SIMPLE WAYS TO SAVE WATER
Fix leaky faucets and plumbing joints. This saves approximately 20 gallons of water per day for every leak stopped.
Turn off the water while brushing your teeth. The average bathroom faucet flows at a rate of two gallons per minute.
Turn off the water while shaving. This saves approximately three gallons each day.
Install water saving shower heads or flow restrictors.
Shorten your showers to the least amount of time necessary.
Toilets from earlier than 1992 use much more water than present day toilets. High-efficiency models are now available that reduce the amount of water used per flush from 3.5-7 gallons per flush to 1.5 gallons per flush.
Check your toilet for leaks. Put dye tablets or food coloring into the tank. If color appears in the bowl without flushing, there’s a leak that should be repaired.
Don’t use your toilet as an ashtray or waste basket.
Wash dishes by hand.
If you wash dishes by hand, don’t leave the water running for rinsing.
Don’t let the faucet run while you clean vegetables. Rinse them in a filled sink or pan.
Don’t defrost frozen foods with running water. Either plan ahead by placing frozen items in the refrigerator overnight or defrost them in the microwave.
Keep a bottle of drinking water in the refrigerator. This beats the wasteful habit of running tap water to cool it for drinking.
Run only full loads in the washing machine and dishwasher
Don’t run the hose while washing your car. Use a bucket of water in conjunction with a quick hose rinse at the end. This saves approximately 150 gallons of water each time.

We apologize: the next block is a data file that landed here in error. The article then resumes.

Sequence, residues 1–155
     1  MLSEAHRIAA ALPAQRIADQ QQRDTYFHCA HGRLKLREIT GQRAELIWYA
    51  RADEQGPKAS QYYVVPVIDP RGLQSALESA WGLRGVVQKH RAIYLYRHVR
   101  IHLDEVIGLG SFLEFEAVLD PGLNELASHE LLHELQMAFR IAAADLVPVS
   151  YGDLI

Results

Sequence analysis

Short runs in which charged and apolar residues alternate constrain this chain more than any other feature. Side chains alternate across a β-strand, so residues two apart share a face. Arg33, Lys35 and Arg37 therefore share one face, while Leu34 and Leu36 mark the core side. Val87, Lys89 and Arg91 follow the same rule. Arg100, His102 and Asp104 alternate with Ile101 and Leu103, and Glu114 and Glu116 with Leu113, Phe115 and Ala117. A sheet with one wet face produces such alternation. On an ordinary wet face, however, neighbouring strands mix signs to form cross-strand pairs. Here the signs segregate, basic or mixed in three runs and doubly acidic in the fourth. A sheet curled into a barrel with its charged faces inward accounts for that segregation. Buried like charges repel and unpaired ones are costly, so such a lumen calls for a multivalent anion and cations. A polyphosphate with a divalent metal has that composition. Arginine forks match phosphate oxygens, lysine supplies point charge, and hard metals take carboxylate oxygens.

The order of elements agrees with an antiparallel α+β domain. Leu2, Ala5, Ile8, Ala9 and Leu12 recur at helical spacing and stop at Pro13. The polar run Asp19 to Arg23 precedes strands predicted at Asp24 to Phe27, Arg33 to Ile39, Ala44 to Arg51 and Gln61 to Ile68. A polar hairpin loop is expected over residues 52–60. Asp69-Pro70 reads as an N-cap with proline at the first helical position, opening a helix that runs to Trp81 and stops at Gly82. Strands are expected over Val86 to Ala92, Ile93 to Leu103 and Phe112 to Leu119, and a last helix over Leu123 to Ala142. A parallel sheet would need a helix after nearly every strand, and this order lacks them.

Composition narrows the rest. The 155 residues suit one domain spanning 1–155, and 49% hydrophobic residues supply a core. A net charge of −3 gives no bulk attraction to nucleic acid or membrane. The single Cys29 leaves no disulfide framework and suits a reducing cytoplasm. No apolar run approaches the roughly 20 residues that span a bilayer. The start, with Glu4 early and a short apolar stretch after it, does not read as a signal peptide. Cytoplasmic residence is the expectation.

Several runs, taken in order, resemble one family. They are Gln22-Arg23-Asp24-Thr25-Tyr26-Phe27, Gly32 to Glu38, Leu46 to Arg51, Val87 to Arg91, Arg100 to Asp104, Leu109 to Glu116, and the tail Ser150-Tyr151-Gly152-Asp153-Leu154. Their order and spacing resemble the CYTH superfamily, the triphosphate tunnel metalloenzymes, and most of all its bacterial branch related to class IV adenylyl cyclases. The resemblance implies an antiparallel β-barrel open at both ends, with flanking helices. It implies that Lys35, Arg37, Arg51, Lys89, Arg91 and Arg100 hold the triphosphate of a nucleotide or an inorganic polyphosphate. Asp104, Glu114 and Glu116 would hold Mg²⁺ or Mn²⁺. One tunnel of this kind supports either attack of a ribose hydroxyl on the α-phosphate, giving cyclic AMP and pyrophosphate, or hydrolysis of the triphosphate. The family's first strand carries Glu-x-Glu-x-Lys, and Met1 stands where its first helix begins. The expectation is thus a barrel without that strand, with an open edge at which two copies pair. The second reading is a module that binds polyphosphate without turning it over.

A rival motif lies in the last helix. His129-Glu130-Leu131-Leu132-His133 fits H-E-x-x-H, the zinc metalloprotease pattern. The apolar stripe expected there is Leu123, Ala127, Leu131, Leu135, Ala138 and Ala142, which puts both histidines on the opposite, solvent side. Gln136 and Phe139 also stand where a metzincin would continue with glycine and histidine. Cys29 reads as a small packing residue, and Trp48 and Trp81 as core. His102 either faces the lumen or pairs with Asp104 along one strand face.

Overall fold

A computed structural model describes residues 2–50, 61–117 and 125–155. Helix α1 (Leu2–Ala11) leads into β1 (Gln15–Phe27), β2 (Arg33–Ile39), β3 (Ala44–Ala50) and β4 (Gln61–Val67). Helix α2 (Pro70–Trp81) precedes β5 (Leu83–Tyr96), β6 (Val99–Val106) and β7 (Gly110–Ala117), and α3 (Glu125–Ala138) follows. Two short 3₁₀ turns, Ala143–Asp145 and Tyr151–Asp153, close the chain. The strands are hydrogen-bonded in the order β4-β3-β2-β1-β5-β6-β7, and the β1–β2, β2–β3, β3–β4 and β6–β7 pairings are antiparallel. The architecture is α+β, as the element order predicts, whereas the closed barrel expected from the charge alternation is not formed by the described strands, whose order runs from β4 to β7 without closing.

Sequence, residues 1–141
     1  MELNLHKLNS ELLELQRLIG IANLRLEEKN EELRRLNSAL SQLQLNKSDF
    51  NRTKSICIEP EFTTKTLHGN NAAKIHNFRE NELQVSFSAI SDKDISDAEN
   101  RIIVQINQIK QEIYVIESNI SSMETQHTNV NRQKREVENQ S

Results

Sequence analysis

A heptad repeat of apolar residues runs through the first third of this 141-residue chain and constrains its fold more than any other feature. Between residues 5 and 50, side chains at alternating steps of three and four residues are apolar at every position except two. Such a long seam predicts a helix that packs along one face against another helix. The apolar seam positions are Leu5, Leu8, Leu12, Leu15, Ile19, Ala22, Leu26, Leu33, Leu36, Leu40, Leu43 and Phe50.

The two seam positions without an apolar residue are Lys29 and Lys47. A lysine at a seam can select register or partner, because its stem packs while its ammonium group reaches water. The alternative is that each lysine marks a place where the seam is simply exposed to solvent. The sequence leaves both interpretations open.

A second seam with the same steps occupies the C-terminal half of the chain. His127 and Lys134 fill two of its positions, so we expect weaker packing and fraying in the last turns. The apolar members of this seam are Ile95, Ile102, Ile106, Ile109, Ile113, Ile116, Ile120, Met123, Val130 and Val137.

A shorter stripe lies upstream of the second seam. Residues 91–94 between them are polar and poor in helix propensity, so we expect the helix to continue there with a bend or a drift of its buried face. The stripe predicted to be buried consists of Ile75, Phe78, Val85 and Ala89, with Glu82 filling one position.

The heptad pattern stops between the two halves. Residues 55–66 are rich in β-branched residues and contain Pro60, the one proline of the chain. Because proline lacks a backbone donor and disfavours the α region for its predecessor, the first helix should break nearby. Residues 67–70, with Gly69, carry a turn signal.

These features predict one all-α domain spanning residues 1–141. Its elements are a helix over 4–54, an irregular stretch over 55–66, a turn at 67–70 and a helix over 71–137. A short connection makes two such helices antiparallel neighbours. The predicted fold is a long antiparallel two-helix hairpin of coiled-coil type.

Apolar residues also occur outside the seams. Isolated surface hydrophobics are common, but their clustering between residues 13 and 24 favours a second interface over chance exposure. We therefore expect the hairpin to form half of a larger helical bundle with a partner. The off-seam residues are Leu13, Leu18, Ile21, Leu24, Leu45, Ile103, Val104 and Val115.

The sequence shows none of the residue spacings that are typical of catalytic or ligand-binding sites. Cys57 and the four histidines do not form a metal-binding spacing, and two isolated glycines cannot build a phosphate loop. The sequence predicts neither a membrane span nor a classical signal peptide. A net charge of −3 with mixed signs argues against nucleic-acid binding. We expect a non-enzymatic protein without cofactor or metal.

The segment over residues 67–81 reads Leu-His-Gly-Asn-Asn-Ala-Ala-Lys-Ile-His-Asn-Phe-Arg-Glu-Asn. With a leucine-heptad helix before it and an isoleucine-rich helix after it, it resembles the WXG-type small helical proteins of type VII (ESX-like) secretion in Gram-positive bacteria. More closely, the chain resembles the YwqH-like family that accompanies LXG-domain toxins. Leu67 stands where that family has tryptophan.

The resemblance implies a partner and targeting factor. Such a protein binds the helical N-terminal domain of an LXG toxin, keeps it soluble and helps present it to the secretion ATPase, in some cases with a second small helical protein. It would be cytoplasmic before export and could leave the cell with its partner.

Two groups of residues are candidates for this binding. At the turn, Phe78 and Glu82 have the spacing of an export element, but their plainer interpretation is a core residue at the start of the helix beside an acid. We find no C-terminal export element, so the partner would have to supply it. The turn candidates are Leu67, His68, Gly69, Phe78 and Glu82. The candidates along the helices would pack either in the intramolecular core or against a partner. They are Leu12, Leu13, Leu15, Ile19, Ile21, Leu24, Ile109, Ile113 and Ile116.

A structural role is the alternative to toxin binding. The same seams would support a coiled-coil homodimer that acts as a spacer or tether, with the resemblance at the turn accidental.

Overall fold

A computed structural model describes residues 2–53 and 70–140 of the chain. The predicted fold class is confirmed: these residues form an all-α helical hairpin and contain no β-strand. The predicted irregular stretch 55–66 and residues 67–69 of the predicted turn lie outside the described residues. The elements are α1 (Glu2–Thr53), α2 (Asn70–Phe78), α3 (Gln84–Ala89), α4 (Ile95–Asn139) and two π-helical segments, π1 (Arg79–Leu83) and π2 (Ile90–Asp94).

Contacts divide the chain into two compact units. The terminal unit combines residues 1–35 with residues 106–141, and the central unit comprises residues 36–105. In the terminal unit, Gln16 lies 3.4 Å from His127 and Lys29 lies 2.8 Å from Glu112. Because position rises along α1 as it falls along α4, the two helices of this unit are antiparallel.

Use a broom instead of a hose to clean driveways and sidewalks. This saves approximately 150 gallons or more every time.
Adjust your sprinklers so that water lands on your lawn or garden where it belongs and not on the adjacent impervious pavement.
Water during the cool times of the day. Early morning is better than dusk since it helps prevent the growth of fungus.
Don’t water the lawn on windy days. There’s too much evaporation.
Only water your lawn when it really needs it.
Adjust or deactivate automatic sprinklers if it is raining.
Install moisture sensors on sprinkler systems.
Comply with the City’s sprinkling bans.
Set lawn mower blades one notch higher, especially during the warm summer months. Longer grass means less evaporation.
Put a layer of mulch around trees and plants. Mulch will slow down evaporation.
If you have a pool, use a pool cover to cut down on evaporation. It will also keep your pool cleaner and reduce the need to add chemicals.